Reading aloud is such a fantastic way to end the day with your kids. And the pleasure doesn’t have to end once your kids can read on their own. You can tweak the bedtime ritual to fit your family’s needs and create a tradition that’s uniquely yours.
For example, after baths and toothbrushing, perhaps gather all the kids in the family room or in Mom and Dad's bed, or in one child's bedroom for 15 minutes of reading aloud together. Or make a habit of spending 15 minutes reading with a different child in bed each night. Find a routine that works for your family, and then don't be afraid to change it as your kids grow. Here's a look at some of the best-loved bedtime reads that you and your children might enjoy.
Very small children love the nearly-wordless story Good Night, Gorilla by Peggy Rathmann. The story is told through beautifully detailed pictures, and you and your child can take turns narrating and pointing out the treats on each page. For a more traditional bedtime story, try Margaret Wise Brown's classic Goodnight Moon. It also features fun details to pick out on each page, but the story's singsong rhythm may be what some children need at the end of the day. Sandra Boynton's Going to Bed Book helps reinforce the idea of bedtime routine, which helps many children feel more settled.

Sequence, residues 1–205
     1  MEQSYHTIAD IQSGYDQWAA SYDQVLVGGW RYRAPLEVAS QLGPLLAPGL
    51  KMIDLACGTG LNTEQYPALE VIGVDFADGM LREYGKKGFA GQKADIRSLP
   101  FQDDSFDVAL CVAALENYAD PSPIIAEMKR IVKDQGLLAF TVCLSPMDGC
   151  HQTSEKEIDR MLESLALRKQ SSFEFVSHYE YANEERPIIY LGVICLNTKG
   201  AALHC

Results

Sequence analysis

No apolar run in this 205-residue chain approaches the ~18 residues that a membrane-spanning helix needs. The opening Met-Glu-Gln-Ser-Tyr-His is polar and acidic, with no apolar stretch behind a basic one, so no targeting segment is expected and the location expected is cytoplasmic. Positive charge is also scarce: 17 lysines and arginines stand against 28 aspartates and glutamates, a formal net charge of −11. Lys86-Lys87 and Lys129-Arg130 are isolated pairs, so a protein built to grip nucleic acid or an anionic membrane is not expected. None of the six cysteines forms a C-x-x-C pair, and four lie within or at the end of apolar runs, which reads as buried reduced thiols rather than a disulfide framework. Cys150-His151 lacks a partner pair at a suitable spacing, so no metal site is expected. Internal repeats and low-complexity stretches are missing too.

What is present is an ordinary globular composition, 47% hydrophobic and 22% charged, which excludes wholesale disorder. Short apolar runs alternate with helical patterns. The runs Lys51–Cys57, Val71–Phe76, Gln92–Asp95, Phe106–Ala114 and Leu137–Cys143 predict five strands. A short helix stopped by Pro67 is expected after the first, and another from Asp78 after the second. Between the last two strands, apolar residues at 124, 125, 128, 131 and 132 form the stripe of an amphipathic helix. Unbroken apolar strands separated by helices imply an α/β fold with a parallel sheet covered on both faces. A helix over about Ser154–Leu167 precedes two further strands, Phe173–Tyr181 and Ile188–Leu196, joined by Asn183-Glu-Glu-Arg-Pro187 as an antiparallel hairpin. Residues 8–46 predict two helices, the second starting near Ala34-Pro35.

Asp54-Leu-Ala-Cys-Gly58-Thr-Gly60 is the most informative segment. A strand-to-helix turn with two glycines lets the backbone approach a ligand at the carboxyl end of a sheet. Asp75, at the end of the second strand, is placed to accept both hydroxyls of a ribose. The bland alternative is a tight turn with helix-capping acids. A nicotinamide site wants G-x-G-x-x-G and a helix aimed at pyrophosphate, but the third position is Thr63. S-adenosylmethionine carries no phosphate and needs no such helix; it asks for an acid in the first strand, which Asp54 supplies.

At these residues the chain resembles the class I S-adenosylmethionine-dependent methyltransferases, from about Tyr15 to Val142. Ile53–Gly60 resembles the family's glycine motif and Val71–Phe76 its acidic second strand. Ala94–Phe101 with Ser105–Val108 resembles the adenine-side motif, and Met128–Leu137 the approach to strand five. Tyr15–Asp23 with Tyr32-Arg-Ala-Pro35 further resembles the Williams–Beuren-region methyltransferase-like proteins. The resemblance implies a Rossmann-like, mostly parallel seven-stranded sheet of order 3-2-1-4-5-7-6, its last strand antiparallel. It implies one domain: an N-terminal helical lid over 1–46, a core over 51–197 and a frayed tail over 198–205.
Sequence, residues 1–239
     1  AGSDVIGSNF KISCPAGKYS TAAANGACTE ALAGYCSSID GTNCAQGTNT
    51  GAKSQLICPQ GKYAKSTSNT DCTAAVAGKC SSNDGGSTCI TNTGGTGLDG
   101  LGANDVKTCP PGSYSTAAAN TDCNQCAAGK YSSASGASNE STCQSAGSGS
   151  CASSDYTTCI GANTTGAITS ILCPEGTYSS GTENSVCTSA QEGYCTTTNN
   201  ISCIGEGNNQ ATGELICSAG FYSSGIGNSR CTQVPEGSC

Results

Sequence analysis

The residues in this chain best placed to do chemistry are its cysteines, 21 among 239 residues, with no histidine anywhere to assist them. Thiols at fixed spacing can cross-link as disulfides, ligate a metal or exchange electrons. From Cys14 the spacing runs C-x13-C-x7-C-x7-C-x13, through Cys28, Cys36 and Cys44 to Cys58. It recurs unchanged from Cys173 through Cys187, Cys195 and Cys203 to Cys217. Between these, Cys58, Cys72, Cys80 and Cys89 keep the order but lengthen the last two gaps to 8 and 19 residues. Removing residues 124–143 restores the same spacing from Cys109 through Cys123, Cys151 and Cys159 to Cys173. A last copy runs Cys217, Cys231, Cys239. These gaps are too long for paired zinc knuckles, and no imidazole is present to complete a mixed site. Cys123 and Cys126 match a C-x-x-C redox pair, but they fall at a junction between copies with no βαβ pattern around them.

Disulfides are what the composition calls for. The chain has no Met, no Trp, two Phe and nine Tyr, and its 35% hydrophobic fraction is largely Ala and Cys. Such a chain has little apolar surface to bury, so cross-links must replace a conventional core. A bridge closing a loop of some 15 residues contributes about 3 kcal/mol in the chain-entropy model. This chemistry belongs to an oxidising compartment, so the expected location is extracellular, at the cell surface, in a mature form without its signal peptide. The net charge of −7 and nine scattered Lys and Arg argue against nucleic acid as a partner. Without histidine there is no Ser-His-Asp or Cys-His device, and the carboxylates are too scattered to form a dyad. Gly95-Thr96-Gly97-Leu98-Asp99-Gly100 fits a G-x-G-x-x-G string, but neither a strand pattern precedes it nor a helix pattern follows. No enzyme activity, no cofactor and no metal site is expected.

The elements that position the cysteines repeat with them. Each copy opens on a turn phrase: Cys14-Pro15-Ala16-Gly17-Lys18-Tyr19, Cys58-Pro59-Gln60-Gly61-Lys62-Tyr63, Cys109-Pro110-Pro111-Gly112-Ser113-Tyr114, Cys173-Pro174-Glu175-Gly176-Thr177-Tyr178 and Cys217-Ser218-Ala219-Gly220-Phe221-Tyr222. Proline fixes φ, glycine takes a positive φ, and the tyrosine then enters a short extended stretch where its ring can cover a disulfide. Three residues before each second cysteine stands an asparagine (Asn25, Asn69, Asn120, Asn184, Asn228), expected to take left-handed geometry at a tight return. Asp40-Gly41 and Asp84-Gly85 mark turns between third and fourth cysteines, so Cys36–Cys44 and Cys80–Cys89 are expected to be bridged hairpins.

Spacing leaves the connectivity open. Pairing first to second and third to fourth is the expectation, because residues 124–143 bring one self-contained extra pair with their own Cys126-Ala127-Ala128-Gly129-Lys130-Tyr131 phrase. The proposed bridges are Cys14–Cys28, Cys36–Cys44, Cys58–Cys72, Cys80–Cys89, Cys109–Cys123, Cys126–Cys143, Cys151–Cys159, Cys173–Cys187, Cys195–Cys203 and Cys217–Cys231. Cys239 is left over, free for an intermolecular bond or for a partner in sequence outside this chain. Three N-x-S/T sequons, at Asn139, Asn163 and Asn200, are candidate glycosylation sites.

Slightly older children will enjoy the Dr. Seuss books. Start with The Cat in the Hat and work up to longer stories like Yertle the Turtle. Dr. Seuss's Sleep Book is a longish story, but it is a nice choice for a child who won't make you read multiple books and who has the attention span to listen. Also try Shel Silverstein's A Light in the Attic and Where the Sidewalk Ends – you can read a few poems each night, or let the kids pick their favorites and recite them from memory.
For early elementary children who can remember the plot points of a story from one night to the next, consider reading a chapter each night to complete a story over the course of a week or two. Some excellent books are E.B. White's Charlotte's Web, Roald Dahl's Charlie and the Chocolate Factory, and Lewis Caroll's Alice's Adventures in Wonderland.
Not Quite a Tween
Older elementary children will enjoy Frances Hodgson Burnett's The Secret Garden or Anna Sewell's Black Beauty. Or, if your kids enjoyed the movies, work your way through the Harry Potter series. If your child resists being read to but can't quite get through these books on his own, check out the audiobook versions. You can put them on an MP3 player and let your kids listen for 15 to 30 minutes before bed.
Bedtime reading is a soothing way to end the day. And once you see how much your kids enjoy it, you may want to give it a try for yourself.
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